• “The weakness of the first premise of the conservative argument is that it relies on our acceptance of the special status of human life. We have seen that 'human' is a term that straddles two distinct notions:
        • being a member of the species Homo sapiens
        • and being a person.
      • Once the term is dissected in this way, the weakness of the conservative's first premise becomes apparent.
        • If 'human' is taken as equivalent to 'person', the second premise of the argument, which asserts that the fetus is a human being, is clearly false; for one cannot plausibly argue that a fetus is either rational or self-conscious.
        • If, on the other hand, 'human' is taken to mean no more than 'member of the species Homo sapiens', then the conservative defence of the life of the fetus is based on a characteristic lacking moral significance and so the first premise is false. The point should by now be familiar: whether a being is or is not a member of our species is, in itself no more relevant to the wrongness of killing it than whether it is or is not a member of our race. The belief that mere membership of our species, irrespective of other characteristics, makes a great difference to the wrongness of killing a being is a legacy of religious doctrines that even those opposed to abortion hesitate to bring into the debate.
      • Recognising this simple point transforms the abortion issue. We can now look at the fetus for what it is - the actual characteristics it possesses - and can value its life on the same scale as the lives of beings with similar characteristics who are not members of our species.
        • those who protest against abortion but dine regularly on the bodies of chickens, pigs and calves, show only a biased concern for the lives of members of our own species. For on any fair comparison of morally relevant characteristics, like rationality, self-consciousness, awareness, autonomy, pleasure and pain, and so on, the calf, the pig and the much derided chicken come out well ahead of the fetus at any stage of pregnancy - while if we make the comparison with a fetus of less than three months, a fish would show more signs of consciousness.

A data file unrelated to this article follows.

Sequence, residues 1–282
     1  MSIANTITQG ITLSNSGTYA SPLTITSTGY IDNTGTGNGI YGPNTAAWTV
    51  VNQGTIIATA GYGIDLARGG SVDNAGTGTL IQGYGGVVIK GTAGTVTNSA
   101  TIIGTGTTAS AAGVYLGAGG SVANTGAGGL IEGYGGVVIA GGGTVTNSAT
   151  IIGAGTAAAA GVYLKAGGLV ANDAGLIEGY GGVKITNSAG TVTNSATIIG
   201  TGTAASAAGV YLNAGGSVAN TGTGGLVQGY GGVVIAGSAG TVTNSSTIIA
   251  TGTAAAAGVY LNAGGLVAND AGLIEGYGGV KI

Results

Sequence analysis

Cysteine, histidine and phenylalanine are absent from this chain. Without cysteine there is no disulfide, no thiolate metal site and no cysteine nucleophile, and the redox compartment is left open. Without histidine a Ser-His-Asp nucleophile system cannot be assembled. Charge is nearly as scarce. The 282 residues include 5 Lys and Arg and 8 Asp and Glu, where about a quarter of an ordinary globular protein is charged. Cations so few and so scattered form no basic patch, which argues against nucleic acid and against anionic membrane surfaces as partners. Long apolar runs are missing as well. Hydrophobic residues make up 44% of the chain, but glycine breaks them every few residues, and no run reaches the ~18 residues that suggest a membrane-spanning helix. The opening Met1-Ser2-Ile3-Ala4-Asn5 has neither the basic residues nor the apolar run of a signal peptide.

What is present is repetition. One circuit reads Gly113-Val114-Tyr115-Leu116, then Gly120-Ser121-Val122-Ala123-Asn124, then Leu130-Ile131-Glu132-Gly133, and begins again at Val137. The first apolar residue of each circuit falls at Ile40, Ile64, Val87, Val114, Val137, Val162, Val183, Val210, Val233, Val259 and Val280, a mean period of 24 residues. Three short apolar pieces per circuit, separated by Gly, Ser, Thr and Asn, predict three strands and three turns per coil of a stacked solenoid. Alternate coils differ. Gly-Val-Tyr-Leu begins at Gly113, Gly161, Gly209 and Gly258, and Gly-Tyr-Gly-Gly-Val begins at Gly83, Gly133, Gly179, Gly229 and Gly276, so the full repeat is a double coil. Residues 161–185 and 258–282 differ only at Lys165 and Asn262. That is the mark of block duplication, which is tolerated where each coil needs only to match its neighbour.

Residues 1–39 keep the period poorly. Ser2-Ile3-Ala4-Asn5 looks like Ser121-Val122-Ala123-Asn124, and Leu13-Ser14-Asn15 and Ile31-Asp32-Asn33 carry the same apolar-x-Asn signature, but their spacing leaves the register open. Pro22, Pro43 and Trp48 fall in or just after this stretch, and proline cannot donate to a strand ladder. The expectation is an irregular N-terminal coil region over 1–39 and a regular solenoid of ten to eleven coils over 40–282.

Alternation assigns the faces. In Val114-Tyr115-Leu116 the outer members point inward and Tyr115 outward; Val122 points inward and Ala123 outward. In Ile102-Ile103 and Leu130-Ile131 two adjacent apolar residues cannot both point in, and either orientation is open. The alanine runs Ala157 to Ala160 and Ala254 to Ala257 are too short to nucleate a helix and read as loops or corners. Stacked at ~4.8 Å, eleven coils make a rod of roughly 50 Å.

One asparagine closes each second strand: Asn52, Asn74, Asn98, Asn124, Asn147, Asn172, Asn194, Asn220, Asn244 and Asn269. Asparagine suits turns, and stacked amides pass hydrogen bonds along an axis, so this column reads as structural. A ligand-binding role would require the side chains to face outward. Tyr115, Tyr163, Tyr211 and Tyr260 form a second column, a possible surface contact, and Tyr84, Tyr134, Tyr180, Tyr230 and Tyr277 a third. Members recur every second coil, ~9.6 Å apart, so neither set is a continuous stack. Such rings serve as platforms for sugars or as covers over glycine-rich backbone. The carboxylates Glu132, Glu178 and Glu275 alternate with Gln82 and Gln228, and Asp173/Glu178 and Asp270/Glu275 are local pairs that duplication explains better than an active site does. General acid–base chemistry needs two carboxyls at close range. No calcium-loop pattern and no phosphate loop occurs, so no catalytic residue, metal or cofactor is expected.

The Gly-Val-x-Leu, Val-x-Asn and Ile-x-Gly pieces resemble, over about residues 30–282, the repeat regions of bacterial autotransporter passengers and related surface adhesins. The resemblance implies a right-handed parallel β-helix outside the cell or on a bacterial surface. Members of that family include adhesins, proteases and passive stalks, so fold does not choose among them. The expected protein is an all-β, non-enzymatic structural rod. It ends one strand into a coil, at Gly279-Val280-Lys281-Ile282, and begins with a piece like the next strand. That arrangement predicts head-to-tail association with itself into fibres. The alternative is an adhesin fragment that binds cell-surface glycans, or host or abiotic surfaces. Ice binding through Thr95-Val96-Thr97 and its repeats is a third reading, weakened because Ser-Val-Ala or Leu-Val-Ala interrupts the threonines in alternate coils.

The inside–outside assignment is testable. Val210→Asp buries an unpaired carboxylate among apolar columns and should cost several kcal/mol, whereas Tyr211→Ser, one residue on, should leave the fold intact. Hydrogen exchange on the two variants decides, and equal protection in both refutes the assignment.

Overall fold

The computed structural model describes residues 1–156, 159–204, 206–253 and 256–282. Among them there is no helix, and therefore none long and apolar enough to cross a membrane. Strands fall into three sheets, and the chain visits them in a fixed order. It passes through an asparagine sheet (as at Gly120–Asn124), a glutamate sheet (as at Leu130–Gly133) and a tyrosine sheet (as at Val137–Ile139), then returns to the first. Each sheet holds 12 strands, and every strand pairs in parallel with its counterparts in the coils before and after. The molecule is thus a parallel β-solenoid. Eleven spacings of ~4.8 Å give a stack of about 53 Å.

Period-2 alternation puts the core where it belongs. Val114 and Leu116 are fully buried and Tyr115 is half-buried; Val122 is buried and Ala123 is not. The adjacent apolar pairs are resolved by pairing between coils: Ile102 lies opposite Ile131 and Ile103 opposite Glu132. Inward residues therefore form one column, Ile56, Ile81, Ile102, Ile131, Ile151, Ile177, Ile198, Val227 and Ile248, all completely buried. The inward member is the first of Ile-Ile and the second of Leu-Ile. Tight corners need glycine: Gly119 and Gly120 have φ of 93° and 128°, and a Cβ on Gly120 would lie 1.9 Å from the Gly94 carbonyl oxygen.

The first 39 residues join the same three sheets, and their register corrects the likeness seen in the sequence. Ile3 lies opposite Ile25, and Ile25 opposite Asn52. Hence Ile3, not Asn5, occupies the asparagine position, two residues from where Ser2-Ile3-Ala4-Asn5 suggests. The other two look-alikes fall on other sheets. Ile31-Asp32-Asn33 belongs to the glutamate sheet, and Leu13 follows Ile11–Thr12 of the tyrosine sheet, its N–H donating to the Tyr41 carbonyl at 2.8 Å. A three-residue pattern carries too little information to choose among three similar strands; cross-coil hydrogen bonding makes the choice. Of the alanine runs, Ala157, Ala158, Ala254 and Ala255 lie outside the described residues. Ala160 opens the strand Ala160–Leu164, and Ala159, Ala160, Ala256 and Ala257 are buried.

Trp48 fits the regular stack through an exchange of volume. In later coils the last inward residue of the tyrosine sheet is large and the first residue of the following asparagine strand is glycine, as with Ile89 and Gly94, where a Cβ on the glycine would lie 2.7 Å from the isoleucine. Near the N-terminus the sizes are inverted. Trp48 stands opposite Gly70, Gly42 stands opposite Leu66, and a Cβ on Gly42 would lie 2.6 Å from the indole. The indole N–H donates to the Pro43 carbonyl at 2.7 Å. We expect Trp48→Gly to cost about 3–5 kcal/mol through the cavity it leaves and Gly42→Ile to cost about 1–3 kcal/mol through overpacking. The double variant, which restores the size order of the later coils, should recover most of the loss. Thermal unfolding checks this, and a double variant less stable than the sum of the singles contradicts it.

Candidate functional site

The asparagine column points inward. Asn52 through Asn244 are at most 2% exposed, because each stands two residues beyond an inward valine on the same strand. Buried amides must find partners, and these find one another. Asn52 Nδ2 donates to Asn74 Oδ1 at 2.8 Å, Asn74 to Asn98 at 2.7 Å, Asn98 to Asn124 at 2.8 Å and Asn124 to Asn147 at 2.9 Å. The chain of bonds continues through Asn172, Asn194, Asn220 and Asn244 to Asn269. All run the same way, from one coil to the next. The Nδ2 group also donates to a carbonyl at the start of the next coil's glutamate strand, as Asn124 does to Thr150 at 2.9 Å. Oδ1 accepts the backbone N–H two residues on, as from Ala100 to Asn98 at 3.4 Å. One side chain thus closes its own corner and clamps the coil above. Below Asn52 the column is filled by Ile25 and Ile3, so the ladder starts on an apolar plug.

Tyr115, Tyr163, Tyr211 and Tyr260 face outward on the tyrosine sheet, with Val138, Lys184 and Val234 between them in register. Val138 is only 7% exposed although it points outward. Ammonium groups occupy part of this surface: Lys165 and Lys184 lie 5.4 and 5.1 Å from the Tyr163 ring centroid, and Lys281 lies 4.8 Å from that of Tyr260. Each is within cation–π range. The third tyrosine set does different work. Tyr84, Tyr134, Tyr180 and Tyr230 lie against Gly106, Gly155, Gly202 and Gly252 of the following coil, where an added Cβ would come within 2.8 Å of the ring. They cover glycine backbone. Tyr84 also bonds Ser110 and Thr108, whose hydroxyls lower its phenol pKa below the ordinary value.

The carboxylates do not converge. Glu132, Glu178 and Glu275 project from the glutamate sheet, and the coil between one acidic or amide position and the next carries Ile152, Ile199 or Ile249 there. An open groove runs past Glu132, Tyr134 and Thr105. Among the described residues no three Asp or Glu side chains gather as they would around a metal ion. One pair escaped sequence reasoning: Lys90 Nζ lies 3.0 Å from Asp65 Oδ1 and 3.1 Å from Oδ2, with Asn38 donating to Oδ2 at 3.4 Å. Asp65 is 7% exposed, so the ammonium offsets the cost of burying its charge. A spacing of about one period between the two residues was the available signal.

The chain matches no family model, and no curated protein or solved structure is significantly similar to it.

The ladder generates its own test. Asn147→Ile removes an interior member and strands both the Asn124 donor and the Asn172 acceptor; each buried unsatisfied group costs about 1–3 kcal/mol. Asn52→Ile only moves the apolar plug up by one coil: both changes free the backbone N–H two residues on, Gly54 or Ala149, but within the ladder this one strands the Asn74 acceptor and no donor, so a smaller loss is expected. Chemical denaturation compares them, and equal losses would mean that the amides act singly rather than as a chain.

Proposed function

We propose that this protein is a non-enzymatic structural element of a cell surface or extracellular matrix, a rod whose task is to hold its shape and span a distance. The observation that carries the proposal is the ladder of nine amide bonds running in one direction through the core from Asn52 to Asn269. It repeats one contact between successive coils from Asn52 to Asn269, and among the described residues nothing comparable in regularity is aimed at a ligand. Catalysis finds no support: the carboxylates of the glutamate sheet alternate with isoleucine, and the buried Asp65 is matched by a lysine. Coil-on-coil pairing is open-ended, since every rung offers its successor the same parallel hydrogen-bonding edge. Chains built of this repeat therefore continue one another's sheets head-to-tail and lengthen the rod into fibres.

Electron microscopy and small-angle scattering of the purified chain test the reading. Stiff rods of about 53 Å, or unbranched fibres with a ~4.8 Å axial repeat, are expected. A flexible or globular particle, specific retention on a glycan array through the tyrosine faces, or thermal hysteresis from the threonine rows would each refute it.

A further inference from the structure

• FIXME the rest of 152
  • Addressing an argument of potential human personhood, p. 152-156
    • He considers the wrongness of killing potential human beings, but his focus is on potential, not capacities…
    • acorn/oak; Princes Charles is not King Charles; etc. – rejects that A is a potential to X means that A has the rights of X
    • FIXME all the rest of this section…
  • The status of the embryo in the labratory (p. 156-162)
  • Making use of the fetus (p. 163-169)
  • Biting the bullet on abortion and infanticide, p. 169-174
  • addresses euthanasia for disabled infants, p. 181-191
  1. Singer, Peter. Rethinking Life & Death: The Collapse of Our Traditional Ethics. New York: St. Martin's Press, 1995. FIXME pages
  2. Singer, Peter. Animal liberation: a new ethics for our treatment of animals. New York: New York review, 1975.

Rejects the Sanctity of Human Life

the fact that a being is human, and alive, does not in itself tell us whether it is wrong to take that being's life. Rethinking Life and Death, p. 105

Functionalist Definition of Personhood

the fact that a being is a human being, in the sense of a member of the species Homo sapiens, is not relevant to the wrongness of killing it; it is, rather, characteristics like rationality, autonomy, and self-consciousness that make a difference. Infants lack these characteristics. Killing them, therefore, cannot be equated with killing normal human beings, or any other self-conscious beings. FIXME Practical Ethics reference
  • level of development in SLED ⇒ functionalism
  • What does normal mean? What does consciousness mean? We're dealing with arbitrary cut off points…
  • If Singer is correct that rationality and self-consciousness define the morally significant person, then why shouldn’t greater rationality make you more of a person?
  • then, why that point, why that developmental milestones?
    • Why should we go with your definition and not mine? It's arbitrary

Infanticide: Euthanasia for disabled infants


  • “When we kill a newborn, there is no person whose life has begun. When I think of myself as the person I am now, I realize that I did not come into existence until sometime after my birth.”17
    • As Scott Rae and Paul Cox point out, however, “If I do not exist until sometime after my birth, in what sense is the birth mine? The only way for ‘my birth’ to be more than a linguistic convention is to admit that ‘I’ existed before I was born, or at least at the time of my birth.”